PARKER: We didn't talk. She never asked me what happened. I always had survivor's guilt. You know, how did she feel about me being here? Her son didn't come back. So we never discussed it at all. She just recognized that I was the one with her son. I came back, and her son didn't.

RASCOE: I mean, what has it meant for you to have to carry this legacy? Because you were a kid when this happened. But now you are the elder that is carrying on this story. What has it meant for you to have to make that transition?

PARKER: I think time shapes you and prepare you that you'll be able to carry on. Before his mother died, she came out. We have an Emmett Till memorial center. And she came, and she saw what we were doing. She said, I want you to carry on the work. And I said - I remember saying, yes, but inside, I said, what can I do? What can I do? Not knowing that I'll be catapulted to where I am now. God put things in place, where - when it's God's will, it's his bill. He going to make sure he put the fire in you to do what you're supposed to do.

RASCOE: That's Reverend Wheeler Parker Jr. His new book is "A Few Days Full Of Trouble: Revelations On The Journey To Justice For My Cousin And Best Friend, Emmett Till." Thank you so much for talking with us.

PARKER: Thank you all for having me. I hope I've said something to help and inspire those who have a calling in their life.


RASCOE: Reverend Wheeler Parker Jr. is just one member of the civil rights generation we've been profiling on WEEKEND EDITION. You can hear others like, on this Jubilee weekend in Selma, Ala., Miss JoAnne Bland, one of Bloody Sunday's youngest footsoldiers. Just go to npr.org and search civil rights generation.

(SOUNDBITE OF MUSIC) Transcript provided by NPR, Copyright NPR.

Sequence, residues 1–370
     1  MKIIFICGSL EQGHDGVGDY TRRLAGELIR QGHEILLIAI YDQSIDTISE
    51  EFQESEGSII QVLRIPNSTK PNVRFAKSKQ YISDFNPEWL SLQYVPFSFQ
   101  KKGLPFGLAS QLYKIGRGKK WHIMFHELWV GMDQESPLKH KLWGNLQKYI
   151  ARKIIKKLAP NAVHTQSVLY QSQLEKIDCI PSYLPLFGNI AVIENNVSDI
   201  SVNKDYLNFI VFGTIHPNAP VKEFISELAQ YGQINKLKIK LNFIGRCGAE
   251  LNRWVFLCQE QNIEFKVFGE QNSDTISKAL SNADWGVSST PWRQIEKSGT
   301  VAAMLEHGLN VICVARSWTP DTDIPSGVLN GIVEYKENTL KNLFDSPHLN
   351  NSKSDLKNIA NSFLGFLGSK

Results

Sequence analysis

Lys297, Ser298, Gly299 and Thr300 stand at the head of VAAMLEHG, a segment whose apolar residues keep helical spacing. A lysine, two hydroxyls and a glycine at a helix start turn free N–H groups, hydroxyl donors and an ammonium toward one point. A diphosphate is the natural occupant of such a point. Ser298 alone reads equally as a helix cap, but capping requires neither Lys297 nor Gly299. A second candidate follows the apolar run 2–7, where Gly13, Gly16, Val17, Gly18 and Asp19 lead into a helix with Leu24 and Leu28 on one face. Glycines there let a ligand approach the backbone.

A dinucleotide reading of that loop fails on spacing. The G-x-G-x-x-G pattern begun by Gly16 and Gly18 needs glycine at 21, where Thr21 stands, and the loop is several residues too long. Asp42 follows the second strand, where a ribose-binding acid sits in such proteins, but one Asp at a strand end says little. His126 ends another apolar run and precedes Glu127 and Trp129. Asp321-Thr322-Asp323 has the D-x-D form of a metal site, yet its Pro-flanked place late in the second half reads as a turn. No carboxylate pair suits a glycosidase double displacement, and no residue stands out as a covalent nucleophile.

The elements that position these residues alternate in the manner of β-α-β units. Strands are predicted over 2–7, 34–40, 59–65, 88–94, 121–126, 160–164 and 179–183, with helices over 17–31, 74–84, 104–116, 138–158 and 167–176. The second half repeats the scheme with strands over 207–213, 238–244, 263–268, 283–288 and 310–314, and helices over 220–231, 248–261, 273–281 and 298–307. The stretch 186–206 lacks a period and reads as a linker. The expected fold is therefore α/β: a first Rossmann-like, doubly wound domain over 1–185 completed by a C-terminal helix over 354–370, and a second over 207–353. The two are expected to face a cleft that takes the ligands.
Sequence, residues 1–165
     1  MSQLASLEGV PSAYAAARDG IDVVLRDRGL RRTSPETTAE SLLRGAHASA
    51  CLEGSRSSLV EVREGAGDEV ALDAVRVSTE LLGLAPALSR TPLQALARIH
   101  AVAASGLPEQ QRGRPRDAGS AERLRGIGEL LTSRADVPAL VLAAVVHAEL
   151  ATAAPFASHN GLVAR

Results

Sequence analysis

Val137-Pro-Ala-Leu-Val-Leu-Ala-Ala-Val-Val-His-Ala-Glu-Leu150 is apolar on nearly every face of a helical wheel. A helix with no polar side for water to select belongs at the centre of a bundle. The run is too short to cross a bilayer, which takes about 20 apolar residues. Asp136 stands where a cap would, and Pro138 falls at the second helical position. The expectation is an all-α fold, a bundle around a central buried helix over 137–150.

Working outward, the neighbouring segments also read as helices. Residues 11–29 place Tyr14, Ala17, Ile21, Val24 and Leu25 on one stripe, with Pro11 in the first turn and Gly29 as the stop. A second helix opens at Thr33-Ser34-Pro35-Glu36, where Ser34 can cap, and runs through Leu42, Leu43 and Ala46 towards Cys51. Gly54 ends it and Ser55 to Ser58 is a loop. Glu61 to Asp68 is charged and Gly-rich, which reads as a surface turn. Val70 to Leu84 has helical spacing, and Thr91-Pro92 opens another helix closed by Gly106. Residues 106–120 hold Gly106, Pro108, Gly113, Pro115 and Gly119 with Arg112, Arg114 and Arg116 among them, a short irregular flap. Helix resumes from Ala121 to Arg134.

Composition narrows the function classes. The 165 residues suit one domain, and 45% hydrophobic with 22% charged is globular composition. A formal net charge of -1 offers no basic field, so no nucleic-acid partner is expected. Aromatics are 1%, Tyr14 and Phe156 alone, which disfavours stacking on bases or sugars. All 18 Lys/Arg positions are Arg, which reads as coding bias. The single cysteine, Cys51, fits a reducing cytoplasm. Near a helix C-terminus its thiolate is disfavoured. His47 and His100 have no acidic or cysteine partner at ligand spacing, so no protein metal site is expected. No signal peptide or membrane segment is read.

Ayesha Rascoe is a White House correspondent for NPR. She is currently covering her third presidential administration. Rascoe's White House coverage has included a number of high profile foreign trips, including President Trump's 2019 summit with North Korean leader Kim Jong Un in Hanoi, Vietnam, and President Obama's final NATO summit in Warsaw, Poland in 2016. As a part of the White House team, she's also a regular on the NPR Politics Podcast.
Danielle Kaye
Danielle Kaye (she/her) is a 2022-2023 Kroc Fellow. Before joining NPR, Kaye worked as a business reporter at Reuters, where she covered compensation policies and union organizing at technology and retail companies. She graduated from UC Berkeley in 2021 with degrees in Global Studies and French. While studying in Berkeley, Kaye reported and produced for listener-funded radio station KPFA, covering protests and housing issues in California for KPFA's morning public affairs show. She was also a researcher at UC Berkeley's Human Rights Investigations Lab and a news reporter and editor at the student-run newspaper The Daily Californian. Kaye lived with a host family in Dakar, Senegal, in 2019, which inspired her to write her senior thesis about threats to Senegal's artisanal fishing communities.